- Some have argued that the elevation of General David Petraeus to command of CENTCOM indicates that counter-insurgency advocates have won the day in the US Army. Consider this argument, and discuss the pros and cons of refocusing US military efforts around the problem of counter-insurgency.
- Compare and contrast the efforts of Iran and the United States to shape the future of Iraq. What military means have each employed to ensure a friendly government in Baghdad? How have each attempted to defeat the strategy of the other?
And then European Security:
- To what extent do the major institutions of European governance (NATO and the EU) complicate the trans-Atlantic relationship, and to what extent do they smooth it? Would the relationship between the United States and its European allies be easier without the institutional baggage, or do the institutions play a critical role in maintaining the Atlantic community?
- The struggle against trans-national terrorism has multiple facets. Consider the usefulness of both NATO and the European Union as tools in the War on Terror. What can each do? Do the organizations complement one another, or is their competition distractive?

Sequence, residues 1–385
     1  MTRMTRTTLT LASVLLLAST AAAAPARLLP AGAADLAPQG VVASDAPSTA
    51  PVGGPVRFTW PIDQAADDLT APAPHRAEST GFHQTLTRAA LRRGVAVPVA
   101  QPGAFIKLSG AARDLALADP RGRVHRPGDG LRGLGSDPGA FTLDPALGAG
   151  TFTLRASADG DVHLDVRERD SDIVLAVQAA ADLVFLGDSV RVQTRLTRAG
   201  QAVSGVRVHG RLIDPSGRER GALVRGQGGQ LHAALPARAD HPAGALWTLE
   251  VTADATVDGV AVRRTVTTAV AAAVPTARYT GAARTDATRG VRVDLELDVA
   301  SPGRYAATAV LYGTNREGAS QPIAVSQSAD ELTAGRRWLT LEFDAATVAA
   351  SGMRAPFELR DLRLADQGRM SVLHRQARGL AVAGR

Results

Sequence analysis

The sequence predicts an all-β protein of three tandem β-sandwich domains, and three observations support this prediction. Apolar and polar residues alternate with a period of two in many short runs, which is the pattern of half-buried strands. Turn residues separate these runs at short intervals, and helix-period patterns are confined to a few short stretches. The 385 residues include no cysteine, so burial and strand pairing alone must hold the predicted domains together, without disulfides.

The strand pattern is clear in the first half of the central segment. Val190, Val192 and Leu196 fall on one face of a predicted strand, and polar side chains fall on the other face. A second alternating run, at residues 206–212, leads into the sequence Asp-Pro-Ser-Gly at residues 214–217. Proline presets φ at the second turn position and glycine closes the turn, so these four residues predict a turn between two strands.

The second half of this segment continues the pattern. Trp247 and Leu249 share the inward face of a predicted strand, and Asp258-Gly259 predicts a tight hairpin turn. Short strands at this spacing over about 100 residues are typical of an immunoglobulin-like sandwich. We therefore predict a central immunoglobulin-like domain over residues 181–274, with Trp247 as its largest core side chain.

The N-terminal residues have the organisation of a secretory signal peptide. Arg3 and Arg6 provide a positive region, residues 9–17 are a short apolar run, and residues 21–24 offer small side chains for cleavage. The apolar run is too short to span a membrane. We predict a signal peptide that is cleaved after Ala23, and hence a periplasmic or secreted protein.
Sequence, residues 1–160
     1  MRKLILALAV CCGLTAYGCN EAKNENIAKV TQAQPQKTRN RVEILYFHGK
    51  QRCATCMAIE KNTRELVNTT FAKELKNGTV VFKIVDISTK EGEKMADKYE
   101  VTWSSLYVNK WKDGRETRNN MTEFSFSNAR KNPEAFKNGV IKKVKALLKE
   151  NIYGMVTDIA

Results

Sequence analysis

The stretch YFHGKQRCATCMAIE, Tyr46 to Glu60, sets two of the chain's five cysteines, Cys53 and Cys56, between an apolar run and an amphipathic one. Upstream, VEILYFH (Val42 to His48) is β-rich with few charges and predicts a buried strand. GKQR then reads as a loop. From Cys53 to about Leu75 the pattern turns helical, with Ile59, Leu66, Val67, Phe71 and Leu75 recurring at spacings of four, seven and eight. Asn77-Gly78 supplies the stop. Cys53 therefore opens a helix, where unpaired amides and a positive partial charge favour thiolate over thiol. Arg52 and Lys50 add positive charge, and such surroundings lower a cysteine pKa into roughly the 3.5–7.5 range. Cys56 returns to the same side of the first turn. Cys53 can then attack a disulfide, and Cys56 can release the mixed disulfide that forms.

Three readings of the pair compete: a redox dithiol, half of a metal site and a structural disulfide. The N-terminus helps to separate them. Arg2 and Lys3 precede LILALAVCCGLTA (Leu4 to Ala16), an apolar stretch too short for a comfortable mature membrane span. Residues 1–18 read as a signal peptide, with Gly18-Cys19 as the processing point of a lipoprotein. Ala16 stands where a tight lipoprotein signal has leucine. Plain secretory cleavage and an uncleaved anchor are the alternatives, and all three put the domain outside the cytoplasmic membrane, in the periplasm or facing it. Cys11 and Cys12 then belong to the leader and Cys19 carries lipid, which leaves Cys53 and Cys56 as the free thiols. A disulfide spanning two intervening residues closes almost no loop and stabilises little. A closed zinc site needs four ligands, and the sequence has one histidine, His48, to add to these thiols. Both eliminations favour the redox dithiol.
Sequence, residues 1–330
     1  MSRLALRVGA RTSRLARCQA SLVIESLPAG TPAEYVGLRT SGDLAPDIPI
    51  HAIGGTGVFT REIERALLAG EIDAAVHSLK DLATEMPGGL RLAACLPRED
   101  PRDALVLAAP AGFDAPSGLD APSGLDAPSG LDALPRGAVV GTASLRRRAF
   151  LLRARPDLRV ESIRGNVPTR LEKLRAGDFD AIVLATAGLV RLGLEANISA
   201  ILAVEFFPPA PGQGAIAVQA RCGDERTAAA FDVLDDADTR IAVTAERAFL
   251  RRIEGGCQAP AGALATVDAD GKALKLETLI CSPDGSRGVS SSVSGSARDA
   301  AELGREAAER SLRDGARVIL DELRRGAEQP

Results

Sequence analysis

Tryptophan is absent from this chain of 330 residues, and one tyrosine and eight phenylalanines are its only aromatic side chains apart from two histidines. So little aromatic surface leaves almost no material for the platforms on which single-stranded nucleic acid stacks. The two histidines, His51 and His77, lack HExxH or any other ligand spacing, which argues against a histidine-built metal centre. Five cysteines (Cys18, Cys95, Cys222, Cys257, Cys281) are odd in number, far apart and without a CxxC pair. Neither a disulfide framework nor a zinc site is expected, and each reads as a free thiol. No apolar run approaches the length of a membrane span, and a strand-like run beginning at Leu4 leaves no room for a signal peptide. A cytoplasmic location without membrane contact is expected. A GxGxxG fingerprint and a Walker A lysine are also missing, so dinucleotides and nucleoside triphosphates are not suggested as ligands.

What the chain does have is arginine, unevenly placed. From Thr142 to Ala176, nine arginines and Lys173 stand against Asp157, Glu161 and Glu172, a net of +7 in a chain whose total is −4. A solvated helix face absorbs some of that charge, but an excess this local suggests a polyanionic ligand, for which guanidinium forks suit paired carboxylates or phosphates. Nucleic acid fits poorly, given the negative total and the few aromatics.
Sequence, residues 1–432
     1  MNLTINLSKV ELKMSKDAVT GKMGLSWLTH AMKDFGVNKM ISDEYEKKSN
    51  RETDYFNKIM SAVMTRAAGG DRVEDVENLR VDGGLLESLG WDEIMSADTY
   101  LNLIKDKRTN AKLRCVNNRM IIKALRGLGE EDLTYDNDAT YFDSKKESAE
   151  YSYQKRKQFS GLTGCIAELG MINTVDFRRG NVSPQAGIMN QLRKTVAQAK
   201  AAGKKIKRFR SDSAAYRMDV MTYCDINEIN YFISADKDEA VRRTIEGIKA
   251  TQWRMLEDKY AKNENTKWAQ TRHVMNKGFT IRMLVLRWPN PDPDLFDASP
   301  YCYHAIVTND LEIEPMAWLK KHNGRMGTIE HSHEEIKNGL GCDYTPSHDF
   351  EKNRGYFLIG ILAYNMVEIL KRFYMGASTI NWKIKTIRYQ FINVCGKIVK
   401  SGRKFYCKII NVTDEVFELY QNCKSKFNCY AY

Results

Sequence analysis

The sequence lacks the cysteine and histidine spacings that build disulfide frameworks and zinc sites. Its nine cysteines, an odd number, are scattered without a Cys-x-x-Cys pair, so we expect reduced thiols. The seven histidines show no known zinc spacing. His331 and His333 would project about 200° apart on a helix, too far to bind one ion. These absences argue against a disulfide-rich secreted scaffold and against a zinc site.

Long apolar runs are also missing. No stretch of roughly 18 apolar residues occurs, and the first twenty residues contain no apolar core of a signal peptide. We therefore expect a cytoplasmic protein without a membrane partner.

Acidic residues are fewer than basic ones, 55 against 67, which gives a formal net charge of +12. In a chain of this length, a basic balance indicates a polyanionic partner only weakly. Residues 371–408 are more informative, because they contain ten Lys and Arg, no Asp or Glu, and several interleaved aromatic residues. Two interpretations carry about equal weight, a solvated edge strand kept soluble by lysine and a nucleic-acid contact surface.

- Compare and contrast the Polish and German perspectives on NATO and the European Union. What does each state hope to accomplish through membership in these organizations? How do the perspectives of the two states differ on the future of the organizations?
I should add that an acceptable answer to any given question was “This is a stupid question”, as long as the student explained why. More than one student took that approach…
What Baze hath wrought.
Good to know that Texas is getting all fired up to execute a dude in a wheelchair.
Lyndon Johnson, in a televised address given on 2 May 1965, just after the United States invaded the Dominican Republic to thwart an alleged communist revolt:
To those who fight only for liberty and justice and progress [in the Dominican Republic] I want to join with the Organization of American States in saying, in appealing to you tonight, to lay down your arms, and to assure you there is nothing to fear. The road is open for you to share in building a Dominican democracy and we in America are ready and anxious and willing to help you. Your courage and your dedication are qualities which your country and all the hemisphere need for the future. You are needed to help shape that future. And neither we nor any other nation in this hemisphere can or should take it upon itself to ever interfere with the affairs of your country or any other country.
Seriously. Maybe Kerry should have tried that logic out in 2004. “Why does the media keep setting up all these hurdles in front of me? I’ve proven that I’ve won! Obviously, the relevant criterion for judging the success of my campaign should be my performance in an arbitrarily selected group of large states, not irrelevant factors like ‘electoral votes’ or even ‘the popular vote.’”